It’s time for radiologists to use more common words that patients can understand when they read their lumbar spine MRI and other exam results, concluded a study published online January 8 in the American Journal of Roentgenology.
Using a series of tests to gauge readability level, researchers found that their sample of radiologists wrote about results at a 12th-grade level, six grades above the recommended level from two healthcare organizations.
“As patients increasingly read their radiology reports through online portals, consideration should be made of patients’ ability to read and comprehend these complex medical documents,” wrote the group led by Dr. Paul Hyunsoo Yi from the department of radiology and radiological science at Johns Hopkins University.
Without a doubt, patients are becoming more involved in their healthcare, and in many cases they are able to access their imaging reports through patient portals. But the average adult in the U.S. reads at or below an eighth-grade level.
Therefore, the U.S. National Institutes of Health and the American Medical Association recommend that patient reports and educational materials be written at a sixth-grade level. It then becomes more incumbent upon radiologists to tailor their reports for better communication with patients.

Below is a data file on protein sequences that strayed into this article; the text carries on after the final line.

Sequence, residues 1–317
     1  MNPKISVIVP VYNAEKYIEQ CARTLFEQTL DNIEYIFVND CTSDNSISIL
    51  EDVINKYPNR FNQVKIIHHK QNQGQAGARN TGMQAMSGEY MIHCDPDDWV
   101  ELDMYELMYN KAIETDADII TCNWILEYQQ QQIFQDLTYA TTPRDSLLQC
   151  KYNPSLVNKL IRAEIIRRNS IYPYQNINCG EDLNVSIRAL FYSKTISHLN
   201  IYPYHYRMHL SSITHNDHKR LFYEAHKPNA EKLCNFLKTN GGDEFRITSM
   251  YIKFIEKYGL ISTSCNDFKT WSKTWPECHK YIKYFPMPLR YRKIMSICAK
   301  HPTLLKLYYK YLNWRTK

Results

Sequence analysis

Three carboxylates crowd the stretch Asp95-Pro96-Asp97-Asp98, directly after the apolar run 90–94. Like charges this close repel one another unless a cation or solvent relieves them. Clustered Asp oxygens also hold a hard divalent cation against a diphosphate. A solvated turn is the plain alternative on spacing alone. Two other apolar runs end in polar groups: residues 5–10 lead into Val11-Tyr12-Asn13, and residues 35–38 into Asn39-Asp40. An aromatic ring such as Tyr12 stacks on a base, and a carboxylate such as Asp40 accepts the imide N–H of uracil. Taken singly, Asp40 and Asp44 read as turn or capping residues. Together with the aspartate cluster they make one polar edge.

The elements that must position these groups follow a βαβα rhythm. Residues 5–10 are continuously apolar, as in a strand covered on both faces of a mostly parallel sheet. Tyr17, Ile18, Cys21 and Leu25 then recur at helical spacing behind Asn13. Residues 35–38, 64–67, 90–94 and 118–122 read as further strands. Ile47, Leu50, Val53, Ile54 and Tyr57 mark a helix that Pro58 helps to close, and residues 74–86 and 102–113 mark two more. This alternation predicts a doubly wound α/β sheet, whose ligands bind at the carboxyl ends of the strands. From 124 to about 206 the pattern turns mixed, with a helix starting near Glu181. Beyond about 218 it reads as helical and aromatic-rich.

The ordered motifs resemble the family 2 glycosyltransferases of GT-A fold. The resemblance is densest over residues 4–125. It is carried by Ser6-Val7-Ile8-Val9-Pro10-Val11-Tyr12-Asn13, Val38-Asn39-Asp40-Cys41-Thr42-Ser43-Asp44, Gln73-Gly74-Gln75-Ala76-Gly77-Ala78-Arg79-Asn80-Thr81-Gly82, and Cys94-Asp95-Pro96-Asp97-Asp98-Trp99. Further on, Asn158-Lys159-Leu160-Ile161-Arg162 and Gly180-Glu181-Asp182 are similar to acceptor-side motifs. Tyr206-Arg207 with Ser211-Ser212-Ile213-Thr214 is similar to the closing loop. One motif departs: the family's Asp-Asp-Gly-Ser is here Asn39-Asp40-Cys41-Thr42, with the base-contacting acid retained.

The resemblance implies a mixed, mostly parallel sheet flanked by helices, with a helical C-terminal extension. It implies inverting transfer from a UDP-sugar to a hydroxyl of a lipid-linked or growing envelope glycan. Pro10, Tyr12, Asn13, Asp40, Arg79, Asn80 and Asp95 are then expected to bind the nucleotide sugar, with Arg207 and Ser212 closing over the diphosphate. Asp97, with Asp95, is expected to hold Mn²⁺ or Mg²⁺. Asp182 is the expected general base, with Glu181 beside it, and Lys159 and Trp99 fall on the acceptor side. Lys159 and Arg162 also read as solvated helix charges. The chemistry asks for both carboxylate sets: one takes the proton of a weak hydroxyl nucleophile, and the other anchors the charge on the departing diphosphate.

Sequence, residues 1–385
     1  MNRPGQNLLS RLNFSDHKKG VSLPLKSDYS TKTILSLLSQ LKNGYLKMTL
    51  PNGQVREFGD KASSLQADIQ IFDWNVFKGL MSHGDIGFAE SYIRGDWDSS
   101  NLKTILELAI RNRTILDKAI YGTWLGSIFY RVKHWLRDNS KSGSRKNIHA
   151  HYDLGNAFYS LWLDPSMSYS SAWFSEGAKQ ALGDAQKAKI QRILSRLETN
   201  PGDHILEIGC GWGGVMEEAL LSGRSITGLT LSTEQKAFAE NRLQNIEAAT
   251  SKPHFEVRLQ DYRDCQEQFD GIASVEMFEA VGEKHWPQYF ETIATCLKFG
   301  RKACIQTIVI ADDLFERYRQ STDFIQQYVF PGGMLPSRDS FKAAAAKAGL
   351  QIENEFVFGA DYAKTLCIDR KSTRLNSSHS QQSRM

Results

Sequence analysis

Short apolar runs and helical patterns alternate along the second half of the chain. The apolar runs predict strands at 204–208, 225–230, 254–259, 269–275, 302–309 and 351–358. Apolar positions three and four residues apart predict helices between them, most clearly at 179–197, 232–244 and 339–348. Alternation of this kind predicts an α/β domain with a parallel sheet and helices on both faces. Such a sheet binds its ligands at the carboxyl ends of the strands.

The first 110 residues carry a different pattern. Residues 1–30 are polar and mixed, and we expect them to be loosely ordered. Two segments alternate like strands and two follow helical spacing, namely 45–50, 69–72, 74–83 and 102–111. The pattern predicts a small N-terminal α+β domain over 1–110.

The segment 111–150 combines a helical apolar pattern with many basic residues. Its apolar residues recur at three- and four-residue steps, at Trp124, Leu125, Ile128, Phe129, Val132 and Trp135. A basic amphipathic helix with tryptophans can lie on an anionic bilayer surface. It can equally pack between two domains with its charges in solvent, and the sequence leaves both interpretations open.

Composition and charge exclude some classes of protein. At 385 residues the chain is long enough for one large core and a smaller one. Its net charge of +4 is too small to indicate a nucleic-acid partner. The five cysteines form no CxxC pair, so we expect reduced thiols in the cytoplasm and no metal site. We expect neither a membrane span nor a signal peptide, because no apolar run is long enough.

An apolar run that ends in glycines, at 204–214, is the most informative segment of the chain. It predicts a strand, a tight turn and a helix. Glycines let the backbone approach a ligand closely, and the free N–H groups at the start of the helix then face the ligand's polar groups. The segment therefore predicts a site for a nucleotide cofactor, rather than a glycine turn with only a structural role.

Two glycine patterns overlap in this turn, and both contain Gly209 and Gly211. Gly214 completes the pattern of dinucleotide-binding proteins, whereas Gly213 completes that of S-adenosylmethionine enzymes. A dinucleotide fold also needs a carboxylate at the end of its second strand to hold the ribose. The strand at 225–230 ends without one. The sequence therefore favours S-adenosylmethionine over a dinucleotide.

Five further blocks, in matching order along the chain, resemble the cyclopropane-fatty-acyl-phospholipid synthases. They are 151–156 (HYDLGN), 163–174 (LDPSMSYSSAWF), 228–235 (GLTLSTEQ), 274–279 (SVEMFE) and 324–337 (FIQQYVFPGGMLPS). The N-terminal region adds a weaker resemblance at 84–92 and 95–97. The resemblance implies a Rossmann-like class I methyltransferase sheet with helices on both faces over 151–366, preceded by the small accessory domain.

“Because a patient’s ability to comprehend a radiology report is limited by his or her ability to read it, we sought to assess the readability levels of lumbar spine MRI reports,” the authors noted.
To see how well radiologists are relating to patients at their facility, Yi and colleagues reviewed 110 lumbar spine MRI reports from eight musculoskeletal radiologists and three neuroradiologists. They determined readability based on five quantitative tests that have been used in prior research to evaluate patient education materials.
In general, the tests rate readability based on several factors, including the total number of characters, words, sentences, and paragraphs within a text.
All five literary barometers indicated that the radiologists’ lumbar spine MRI reports had a mean readability level higher than the 12th grade. Only one report was written at or below the eighth-grade level, and no reports were at or below the sixth-grade level.
“Not surprisingly, patients often find radiology reports difficult to understand because of the technical nature of words used in reports as well as the overall length of reports,” Yi and colleagues wrote.
So how do you remedy the wordsmithing problem? One approach is to use simpler words. Go with “swelling” instead of “edema,” Yi and colleagues suggested.
“Conversely, many radiologic terms have few syllables but are likely unfamiliar to patients, such as ‘enhance,’ which could result in low readability levels but impaired comprehension,” they wrote. “Other potential solutions to improve readability include writing in a concise, conversational style as well as incorporating visual features, such as diagrams and graphs.”